Japanese Knotweed Project
Reynoutria japonica is considered the worst weed in Europe and has caused serious damage to the natural and built environment. In the UK it is classed as an invasive species due to its ability to spread easily creating a hostile environment. It is considered a controlled waste, so after its removal, it must be taken to a licensed landfill for its disposal. The plant is widely spread in the UK and it is estimated to cost the economy £166 million per year.
This project aims to reduce the negative impact of this species by using design as a tool to turn something negative into positive. The Japanese Knotweed project reverses the concept of wastage by treating the plant as a valuable source of raw material. Through an investigative process of its parts and reuse of its disposal, the plant proved to be a precious local source of raw material for a range of industries.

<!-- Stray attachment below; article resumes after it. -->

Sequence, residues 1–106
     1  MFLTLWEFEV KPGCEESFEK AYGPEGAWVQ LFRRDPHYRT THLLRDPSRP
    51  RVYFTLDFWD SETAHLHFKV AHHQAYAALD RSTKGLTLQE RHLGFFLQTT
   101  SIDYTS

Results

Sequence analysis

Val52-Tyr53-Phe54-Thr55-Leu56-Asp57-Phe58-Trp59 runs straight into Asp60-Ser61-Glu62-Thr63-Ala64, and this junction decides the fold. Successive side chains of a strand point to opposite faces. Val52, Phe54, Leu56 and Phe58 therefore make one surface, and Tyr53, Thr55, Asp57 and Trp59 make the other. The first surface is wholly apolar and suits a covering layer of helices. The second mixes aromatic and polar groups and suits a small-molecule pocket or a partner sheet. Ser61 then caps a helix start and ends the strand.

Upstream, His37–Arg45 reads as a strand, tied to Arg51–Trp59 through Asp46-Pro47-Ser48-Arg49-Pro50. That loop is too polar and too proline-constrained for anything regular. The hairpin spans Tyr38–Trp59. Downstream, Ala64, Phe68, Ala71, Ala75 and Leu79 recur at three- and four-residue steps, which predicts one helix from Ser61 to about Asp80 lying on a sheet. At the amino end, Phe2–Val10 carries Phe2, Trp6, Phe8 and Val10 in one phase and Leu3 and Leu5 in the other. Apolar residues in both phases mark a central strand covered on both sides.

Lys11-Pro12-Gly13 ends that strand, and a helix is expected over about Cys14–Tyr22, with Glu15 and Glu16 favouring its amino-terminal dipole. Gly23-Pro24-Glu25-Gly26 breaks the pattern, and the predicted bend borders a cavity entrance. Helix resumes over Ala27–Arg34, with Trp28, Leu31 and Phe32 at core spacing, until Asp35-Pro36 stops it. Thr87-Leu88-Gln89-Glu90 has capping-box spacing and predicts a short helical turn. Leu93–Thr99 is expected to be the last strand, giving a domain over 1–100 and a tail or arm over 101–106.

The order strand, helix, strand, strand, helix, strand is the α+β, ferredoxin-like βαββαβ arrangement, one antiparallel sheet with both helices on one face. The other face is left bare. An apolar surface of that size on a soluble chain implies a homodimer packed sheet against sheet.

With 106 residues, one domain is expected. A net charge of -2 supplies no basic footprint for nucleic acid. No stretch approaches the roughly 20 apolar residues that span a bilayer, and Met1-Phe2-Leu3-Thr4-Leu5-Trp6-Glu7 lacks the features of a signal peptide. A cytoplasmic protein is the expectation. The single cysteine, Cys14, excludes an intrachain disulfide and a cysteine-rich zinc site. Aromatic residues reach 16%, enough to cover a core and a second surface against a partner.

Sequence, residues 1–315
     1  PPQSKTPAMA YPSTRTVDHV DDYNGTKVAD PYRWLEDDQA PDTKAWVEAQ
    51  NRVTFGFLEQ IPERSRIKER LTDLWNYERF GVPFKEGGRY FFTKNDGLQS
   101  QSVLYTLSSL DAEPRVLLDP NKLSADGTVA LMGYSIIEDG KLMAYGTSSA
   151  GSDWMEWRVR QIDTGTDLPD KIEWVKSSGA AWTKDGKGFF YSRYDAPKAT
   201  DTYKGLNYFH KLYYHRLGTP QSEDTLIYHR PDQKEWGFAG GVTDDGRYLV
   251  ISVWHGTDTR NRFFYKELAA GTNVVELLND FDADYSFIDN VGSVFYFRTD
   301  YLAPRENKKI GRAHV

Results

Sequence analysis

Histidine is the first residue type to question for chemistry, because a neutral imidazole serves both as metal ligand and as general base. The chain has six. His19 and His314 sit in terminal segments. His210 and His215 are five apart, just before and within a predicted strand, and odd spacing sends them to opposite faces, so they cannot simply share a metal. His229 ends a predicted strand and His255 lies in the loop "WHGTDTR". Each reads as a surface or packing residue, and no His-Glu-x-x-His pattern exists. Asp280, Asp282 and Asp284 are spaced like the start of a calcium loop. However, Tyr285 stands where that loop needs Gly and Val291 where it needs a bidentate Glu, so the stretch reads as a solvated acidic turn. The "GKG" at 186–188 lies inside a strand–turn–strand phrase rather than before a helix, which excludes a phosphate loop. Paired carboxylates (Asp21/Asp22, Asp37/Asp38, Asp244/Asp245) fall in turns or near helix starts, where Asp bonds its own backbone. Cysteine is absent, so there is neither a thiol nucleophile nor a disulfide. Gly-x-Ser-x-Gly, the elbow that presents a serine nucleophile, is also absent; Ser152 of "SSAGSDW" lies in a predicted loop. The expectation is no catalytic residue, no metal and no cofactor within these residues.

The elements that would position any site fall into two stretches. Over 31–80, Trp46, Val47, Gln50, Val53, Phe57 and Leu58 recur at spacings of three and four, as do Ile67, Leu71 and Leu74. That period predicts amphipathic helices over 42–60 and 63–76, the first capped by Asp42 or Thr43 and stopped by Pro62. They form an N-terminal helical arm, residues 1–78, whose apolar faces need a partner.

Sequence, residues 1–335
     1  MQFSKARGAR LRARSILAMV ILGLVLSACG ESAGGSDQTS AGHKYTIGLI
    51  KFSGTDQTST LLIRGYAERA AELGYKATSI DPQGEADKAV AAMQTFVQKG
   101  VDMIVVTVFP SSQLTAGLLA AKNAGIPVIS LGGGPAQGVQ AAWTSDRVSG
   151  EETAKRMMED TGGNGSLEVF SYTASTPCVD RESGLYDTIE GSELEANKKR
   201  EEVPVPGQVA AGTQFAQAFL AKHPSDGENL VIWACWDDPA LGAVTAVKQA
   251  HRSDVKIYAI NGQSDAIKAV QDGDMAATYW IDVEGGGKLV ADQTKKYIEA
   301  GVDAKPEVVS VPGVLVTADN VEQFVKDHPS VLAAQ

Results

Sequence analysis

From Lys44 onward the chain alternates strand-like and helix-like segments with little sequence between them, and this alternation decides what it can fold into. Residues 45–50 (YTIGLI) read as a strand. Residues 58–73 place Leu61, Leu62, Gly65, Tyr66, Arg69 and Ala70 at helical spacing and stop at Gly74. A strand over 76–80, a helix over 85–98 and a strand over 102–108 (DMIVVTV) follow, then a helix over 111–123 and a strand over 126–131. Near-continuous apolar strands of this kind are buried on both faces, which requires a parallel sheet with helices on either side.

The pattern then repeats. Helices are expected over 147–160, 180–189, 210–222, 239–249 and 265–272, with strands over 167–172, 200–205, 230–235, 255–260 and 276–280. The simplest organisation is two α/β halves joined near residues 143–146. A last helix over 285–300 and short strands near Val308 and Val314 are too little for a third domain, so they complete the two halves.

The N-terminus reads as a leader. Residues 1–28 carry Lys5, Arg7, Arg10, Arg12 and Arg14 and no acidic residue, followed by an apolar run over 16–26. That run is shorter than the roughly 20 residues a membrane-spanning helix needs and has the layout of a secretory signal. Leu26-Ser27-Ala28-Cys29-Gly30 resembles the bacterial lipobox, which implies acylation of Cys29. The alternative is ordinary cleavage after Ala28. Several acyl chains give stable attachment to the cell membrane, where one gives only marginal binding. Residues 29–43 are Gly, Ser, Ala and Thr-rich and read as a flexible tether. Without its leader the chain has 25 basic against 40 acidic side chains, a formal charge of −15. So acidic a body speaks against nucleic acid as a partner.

By adding value to this abundant source of raw material located in 45 countries, connected and circular production systems can emerge, reframing attitudes surrounding this species as well as promoting more resilient and self-sufficient production models and cities.
Each part of the plant (peduncle, stem, leaf, rhizome) was explored individually and different processes of making were used to find out what kind of materials could be extracted from the plant. After its deconstruction, all residues and leftovers were repurposed into another making process creating a circular and zero-waste production system. In this way, through an investigative process of its parts and reuse of its disposal, the plant proved to be a precious local source of raw material for a range of industries such as, textile, fashion, product, built environment, paper mill, food and homeopathic medicine. Within a zero-waste design system of making materials, what is considered waste for an industry can be an ingredient for another.
Japanese knotweed project (Video)
How to transform a problematic plant into new opportunities? (Article)
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JAPANESE KNOTWEED PROJECT (Article)
Royal College of Art, Orla Kiely scholarship, Environet UK, Notweed Paper